Leavy leads the charge in the European quarter-finals

A fortnight since the dramatic conclusion of the 2018 NatWest 6 Nations there is still plenty of top-class rugby on display as the European competitions enter the final stages.

A fortnight since the dramatic conclusion of the 2018 NatWest 6 Nations there is still plenty of top-class rugby on display as the European competitions enter the final stages.

Over the weekend the quarter-finals of the European and Challenge Cups took place and, as you’d expect, plenty of NatWest 6 Nations stars came to the fore.

For anyone who missed the action, here’s the story of the weekend as told by the statistics.


Following their NatWest 6 Nations Grand Slam win and some well-deserved celebrations, many of Ireland’s stars were back in action in the Champions Cup as Leinster and Munster both progressed to the semi-finals.

And Ireland’s heroes picked up where they left off, none more so than Leinster back row Dan Leavy, whose man-of-the-match display helped his side to a 30-19 victory over Saracens.

Leavy grabbed a second-half try, made 14 tackles, three clean breaks, beat four defenders and ran for 82 metres – impressive stuff indeed.

Ireland lock James Ryan was also dominant and had a direct role in two of the tries, whilst also making 17 carries and 17 tackles in a punishing defence that kept defending Champions Saracens to just one try.

The result means England have no representation left in the Champions Cup, but Saracens gave a strong performance and were led by industrious prop Mako Vunipola, who made 16 tackles and 20 carries, whilst lock George Kruis chipped in with a handsome 22 tackles.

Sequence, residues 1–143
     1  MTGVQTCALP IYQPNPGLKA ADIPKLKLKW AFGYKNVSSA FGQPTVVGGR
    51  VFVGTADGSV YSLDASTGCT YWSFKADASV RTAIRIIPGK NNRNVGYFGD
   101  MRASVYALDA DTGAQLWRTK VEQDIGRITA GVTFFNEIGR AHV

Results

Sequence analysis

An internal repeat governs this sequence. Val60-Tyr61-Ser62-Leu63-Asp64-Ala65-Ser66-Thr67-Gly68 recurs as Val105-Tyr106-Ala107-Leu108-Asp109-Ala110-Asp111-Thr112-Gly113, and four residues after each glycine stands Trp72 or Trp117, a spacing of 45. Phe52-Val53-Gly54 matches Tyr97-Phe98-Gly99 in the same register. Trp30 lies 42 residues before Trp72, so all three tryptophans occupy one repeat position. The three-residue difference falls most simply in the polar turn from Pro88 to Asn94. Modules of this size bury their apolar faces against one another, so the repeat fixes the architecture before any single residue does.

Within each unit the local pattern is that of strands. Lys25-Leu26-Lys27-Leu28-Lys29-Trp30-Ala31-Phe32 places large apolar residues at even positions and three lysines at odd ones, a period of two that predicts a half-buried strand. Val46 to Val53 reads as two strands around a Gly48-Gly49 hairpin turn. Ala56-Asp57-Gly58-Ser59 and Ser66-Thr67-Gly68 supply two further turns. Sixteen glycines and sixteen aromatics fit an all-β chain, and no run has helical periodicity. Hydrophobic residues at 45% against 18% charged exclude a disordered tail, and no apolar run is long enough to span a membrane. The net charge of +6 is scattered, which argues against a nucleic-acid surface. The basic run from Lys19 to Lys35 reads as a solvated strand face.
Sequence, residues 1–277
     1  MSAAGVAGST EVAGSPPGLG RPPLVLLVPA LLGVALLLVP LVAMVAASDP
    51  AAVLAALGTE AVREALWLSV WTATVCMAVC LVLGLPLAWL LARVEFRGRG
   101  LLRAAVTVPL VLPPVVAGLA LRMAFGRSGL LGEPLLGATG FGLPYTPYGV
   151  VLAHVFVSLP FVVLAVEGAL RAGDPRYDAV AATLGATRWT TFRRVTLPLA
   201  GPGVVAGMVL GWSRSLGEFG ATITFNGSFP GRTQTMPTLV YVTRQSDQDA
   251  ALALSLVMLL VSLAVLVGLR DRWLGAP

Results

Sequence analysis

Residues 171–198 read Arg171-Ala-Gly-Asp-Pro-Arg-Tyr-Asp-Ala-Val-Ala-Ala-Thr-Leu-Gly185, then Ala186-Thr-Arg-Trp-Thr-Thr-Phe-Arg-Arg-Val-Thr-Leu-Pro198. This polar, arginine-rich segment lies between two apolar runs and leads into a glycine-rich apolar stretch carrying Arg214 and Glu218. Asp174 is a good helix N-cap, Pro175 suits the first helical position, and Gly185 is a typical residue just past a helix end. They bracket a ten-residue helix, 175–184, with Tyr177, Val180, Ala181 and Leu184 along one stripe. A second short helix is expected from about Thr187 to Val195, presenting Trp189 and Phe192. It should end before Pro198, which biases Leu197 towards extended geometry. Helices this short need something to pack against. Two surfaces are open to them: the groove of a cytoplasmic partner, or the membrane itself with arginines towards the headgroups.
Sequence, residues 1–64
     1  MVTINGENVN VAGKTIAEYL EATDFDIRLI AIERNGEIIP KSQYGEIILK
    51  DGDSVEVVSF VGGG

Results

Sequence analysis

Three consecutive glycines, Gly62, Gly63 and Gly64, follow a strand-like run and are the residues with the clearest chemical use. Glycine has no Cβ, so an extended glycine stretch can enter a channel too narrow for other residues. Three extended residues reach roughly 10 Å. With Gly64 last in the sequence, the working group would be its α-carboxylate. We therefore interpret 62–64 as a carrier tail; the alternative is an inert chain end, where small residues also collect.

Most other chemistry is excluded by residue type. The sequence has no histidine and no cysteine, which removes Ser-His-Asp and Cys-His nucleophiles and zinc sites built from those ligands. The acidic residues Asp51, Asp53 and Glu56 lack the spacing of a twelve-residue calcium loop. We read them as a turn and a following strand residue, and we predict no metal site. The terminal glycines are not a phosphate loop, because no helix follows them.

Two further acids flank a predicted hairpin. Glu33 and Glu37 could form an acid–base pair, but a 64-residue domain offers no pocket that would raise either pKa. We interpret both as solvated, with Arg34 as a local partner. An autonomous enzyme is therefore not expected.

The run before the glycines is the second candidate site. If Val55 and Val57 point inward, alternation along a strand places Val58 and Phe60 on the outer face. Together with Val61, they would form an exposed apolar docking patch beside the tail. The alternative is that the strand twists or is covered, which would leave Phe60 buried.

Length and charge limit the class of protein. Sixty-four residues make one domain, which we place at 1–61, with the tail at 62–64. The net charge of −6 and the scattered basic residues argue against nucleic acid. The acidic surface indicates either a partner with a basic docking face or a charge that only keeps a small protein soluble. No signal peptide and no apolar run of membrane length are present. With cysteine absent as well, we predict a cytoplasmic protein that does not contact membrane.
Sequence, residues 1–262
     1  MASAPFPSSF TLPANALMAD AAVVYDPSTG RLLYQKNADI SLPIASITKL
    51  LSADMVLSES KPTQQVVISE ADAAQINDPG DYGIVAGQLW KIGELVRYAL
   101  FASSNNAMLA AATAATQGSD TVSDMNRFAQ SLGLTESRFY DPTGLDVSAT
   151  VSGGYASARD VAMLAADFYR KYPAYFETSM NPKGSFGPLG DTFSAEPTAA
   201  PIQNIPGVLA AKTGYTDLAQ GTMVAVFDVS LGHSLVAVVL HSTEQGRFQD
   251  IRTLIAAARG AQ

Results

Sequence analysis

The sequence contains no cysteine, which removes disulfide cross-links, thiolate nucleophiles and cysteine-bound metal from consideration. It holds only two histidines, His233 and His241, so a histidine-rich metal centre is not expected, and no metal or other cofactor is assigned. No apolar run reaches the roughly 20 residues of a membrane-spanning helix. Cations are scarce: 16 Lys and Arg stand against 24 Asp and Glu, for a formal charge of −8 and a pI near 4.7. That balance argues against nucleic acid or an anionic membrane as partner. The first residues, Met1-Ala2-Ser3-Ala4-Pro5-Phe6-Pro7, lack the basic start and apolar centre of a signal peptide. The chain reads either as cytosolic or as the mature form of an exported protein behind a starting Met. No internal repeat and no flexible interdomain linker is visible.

Munster’s 20-19 victory over Toulon contained all the drama you’d want from a Champions Cup quarter-final and was lit up by Andrew Conway’s brilliant late try that set up the victory.

CJ Stander made the most carries of any player in the 2018 NatWest 6 Nations and continued in that vein for his province, making 16 carries and 21 tackles, whilst Peter O’Mahony claimed 14 tackles as Munster kept the giant Toulon attackers at bay.


On Friday we got to see a magnificent spectacle at Parc y Scarlets as the home side, roared on by a 15,000-strong crowd, reached a first European semi-final since 2007 by downing La Rochelle 29-17.

The Scarlets squad had a huge influence on Wales’ impressive second-place finish in the 2018 NatWest 6 Nations and their players are dreaming of further success in the Champions Cup following their impressive display.

Rhys Patchell was back at fly-half for the region and grabbed a try, as did Wales centre Scott Williams, whilst full-back Leigh Halfpenny kicked his way to 19 points – a very useful man to have around in knockout rugby.

Hadleigh Parkes was superb, his break leading to Patchell’s try, whilst he also made 15 carries, 60 metres and beat four defenders.

Skipper Ken Owens also led from the front, he took home the man-of-the-match award and made 17 tackles, whilst an honourable mention has to go to flanker James Davies – who at one point was moved on to the wing where he made the break that led to Williams’ score.

Wales flanker Josh Navidi also shone in Cardiff Blues’ 20-6 win over Edinburgh in the Challenge Cup.

Navidi made 19 tackles whilst on the other side of the pitch Scotland’s Blair Kinghorn beat an eye-popping eight defenders whilst claiming 111 metres.


One of the great cathedrals of rugby – the Stade Marcel-Michelin – witnessed an all French quarter-final on Sunday as Racing 92 claimed an impressive 28-17 win away at Clermont Auvergne.

France scrum-half Maxime Machenaud kicked 13 points whilst his competitor for the No.9 shirt Morgan Parra notched four penalties.

Remy Grosso had a fine 2018 NatWest 6 Nations on the wing for France and impressed again for Clermont, beating five defenders, whilst on the opposite wing Teddy Thomas claimed 61 metres and beat six defenders.

There were some excellent tries scored in the all-French affair, none more so than the one scored by Leone Nakarawa after wing Marc Andreu’s searing break and Camille Chat’s offload.